“[I’ll Take You There] takes us deep into the golden age of Mavis and her marvelously talented group.” (Publishers Weekly)

“A biography that will send readers back to the music of Mavis and the Staple Singers with deepened appreciation and a renewed spirit of discovery…. Through it all, the ebullience of Mavis Staples and her music shine through.” (Kirkus Reviews (starred review))

“Kot chronicles the amazing story of a family that went from a hardscrabble life in Mississippi to Chicago’s church circuit to worldwide fame, merging the genres of roots, gospel, and soul…. This is a moving tribute to a very talented family and one gracious woman, in particular.” (Booklist (starred review))

“Mavis Staples and the Staple Singers are a mighty river running through more than a half-century of song, connecting Sam Cooke to Prince and Bob Dylan to Wilco. Thoroughly researched and elegantly told, I’ll Take You There offers powerful and inspiring insight into not only American music, but American history.” (Alan Light, author of The Holy or the Broken: Leonard Cohen, Jeff Buckley, and the Unlikely Ascent of “Hallelujah”)

“A lively, engaging family biography, written with the Stapleses' cooperation and filled with vivid portraits, celebrity cameos and descriptions of music so evocative I kept wishing the book had come with a set of CDs.” (Tampa Bay Times)

“Emotional honesty resonates throughout I'll Take You There. Kot provides an unflinching look into the Stapleses' struggles to maintain their spiritual and artistic integrity… I'll Take You There is a biography that's well worth the heavenly journey.” (NPR)

"[A] fascinating testimony. . . . Kot’s portrayal of Mavis is deft and balanced, worthy of a performance that, no matter howoften you play it, never fails to live up to the promise of its title." (Chicago Tribune)

"Kot depicts the endurance of Mavis Staples and her family’s music as an inspiration, a saga that takes us, like the song that inspired this book’s name, to a place where ain’t nobody crying." (Washington Post)

“Kot’s take on the singer’s immense discography is invaluable, and Staples’ indomitable spirit shines through." (The A.V. Club)

“A thorough and illuminating biography that offers plenty of revealing details about a group the Band’s Robbie Robertson once likened to ‘a lonely train in the distance.’” (Paste)

“Involving from beginning to end. . . . [Kot] charts the [Staples] family’s origins in gospel music; their gradual drift into folk, soul and pop; the reverberations of their increasingly political songs during the civil rights era. . . 'I'll Take You There'...is rich musical history." (New York Times)

"Remarkable. . . . With Mavis opening up the Staples archives and providing access to family and friends, Kot...[shapes] a story bigger than just that of a singing group. " (The Commercial Appeal)

"A darn good story. . . . Whisking readers over a span of nearly 100 years, author Kot presents aroller-coaster ride of the highs and lows of one of gospel and soul’s mosticonic families. . . . a great look at history, both musically and culturally. . . . If you’re a fan of soul, R&B or gospel, “I’ll Take You There” is a bookyou’ll want to corner." (The Topeka Capital Journal)

"That Staples' life story is deeply intertwined with the Rev. Martin Luther KingJr., Sam Cooke, the Band, Bob Dylan, Lou Rawls, Jeff Tweedy, Prince, ArethaFranklin, Mahalia Jackson, Jesse Jackson, Curtis Mayfield, Stax Records andJerry Butler is no mean feat. . .The gems are here in all their richness." (Windy City Times)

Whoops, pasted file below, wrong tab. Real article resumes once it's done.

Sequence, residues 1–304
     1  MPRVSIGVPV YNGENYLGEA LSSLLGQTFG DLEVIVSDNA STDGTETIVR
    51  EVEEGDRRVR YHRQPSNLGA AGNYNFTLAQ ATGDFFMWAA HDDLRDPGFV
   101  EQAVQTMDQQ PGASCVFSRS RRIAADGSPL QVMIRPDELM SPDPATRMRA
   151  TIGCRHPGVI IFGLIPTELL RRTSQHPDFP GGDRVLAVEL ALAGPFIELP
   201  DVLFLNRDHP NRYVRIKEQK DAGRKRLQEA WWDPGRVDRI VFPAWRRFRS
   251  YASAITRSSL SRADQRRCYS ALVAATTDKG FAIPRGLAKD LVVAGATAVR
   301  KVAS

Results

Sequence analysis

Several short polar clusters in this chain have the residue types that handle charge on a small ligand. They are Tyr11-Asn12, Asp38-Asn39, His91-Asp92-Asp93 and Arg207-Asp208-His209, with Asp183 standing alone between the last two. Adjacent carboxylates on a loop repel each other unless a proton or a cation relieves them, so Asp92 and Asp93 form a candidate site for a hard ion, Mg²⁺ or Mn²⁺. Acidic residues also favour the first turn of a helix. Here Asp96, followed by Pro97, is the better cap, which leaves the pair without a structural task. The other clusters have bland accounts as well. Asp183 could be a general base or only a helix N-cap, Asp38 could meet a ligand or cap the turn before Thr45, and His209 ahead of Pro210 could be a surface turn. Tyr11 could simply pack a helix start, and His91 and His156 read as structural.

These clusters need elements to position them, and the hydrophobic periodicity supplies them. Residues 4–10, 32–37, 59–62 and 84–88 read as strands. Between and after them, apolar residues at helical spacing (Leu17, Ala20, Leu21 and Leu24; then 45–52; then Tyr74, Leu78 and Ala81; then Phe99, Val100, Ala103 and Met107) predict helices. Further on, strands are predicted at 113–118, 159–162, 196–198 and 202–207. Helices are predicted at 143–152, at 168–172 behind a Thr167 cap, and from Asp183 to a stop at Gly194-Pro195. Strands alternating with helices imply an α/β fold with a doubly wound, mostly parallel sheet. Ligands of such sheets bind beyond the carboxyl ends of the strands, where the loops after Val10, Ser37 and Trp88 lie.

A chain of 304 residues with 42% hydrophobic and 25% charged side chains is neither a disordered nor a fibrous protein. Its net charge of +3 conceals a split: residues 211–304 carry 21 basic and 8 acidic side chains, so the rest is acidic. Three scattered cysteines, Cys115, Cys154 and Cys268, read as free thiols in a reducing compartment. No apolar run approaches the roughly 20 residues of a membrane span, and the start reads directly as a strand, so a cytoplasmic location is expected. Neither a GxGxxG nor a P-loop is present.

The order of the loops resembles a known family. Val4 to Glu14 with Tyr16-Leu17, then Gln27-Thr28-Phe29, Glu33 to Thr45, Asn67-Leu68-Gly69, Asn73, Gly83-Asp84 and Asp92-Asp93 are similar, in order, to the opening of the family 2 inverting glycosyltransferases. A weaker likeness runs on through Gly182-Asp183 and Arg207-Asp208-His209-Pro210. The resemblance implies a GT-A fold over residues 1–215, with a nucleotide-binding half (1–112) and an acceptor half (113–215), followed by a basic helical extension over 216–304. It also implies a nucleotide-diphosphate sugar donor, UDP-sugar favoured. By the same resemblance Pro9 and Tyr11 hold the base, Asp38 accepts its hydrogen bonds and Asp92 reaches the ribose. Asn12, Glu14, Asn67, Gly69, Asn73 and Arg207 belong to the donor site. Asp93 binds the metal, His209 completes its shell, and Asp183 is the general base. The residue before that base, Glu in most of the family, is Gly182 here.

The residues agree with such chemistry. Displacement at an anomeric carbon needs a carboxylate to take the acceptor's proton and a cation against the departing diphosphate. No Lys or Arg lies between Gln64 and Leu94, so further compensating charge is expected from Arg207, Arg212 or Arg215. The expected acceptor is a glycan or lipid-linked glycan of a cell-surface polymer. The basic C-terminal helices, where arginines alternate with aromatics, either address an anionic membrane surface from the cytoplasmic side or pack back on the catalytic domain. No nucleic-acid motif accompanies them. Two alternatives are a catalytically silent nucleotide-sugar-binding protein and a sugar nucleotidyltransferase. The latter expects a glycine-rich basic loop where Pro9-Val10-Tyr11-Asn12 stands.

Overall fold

"Fascinating... Musical analysis doesn't get much better." (DownBeat)

"Kot has a knack for distilling the stuff of interviews and research into pithy descriptions of the Staple Singers’ lean years." (The Nation)

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Couverture | Copyright | Table des matières | Extrait | Index
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Amazon.com: 4.5 étoiles sur 5  19 commentaires
6 internautes sur 7 ont trouvé ce commentaire utile 
4.0 étoiles sur 5 really good book 28 janvier 2014
Par mistermaxxx08 - Publié sur Amazon.com
Format:Relié
Mavis Staples is a strong voice and this book is a strong read and it takes you through different paths and times this book talks about family time, talks about the industry and the various stages and aspects. very good book and alot of information. this is a good read and a artist who hasn't gotten her due and her family for that matter. the Staple Singers were always the truth musically.
3 internautes sur 3 ont trouvé ce commentaire utile 
5.0 étoiles sur 5 An American Treasure 5 février 2014
Par Carl Bean - Publié sur Amazon.com
Format:Relié|Achat vérifié
An amazing inside look not only at the Staple Family but at the musical landscape of American Folk, Blues and Black Gospel music!! How the music of the 60's, and 70's crossed all categorical lines in the public arena!! A great read for all music lovers!!
1 internautes sur 1 ont trouvé ce commentaire utile 
5.0 étoiles sur 5 Fascinating Story That Needed To Be Told 15 février 2014
Par Andrew C. Langert - Publié sur Amazon.com
Format:Relié|Achat vérifié
Not sure what was better: Greg Kot's thorough, meticulous research or the masterful way he tells the Staples story. Kot is a brilliant critic who really gains a deep understanding of the artists he studies.
3.0 étoiles sur 5 I was disappointed in that I thought the book would have more ... 14 août 2014
Par gwendolyn a. bell - Publié sur Amazon.com
Format:Relié|Achat vérifié
I was disappointed in that I thought the book would have more bio on Mavis Staples and most of what the book had instead was family info and social commentary. I appreciate the times were turbulent for African Americans and I know that played a part in the music they made and that was an interesting part of the book, however I would have liked to have had a more personal portrait of Mavis. I do not say reading this book is a complete waste of time, however I would recommend reading other books more highly than this one.
5.0 étoiles sur 5 Can't Wait to Go There! 29 mai 2014
Par Thomas Ball - Publié sur Amazon.com
Format:Relié|Achat vérifié
Can't wait to dive into this book-Mavis, even at this stage in her life, still can make people jump to their feet and say "AMEN"!
Seller shipped just like they said they would and is in my book que!
Thanks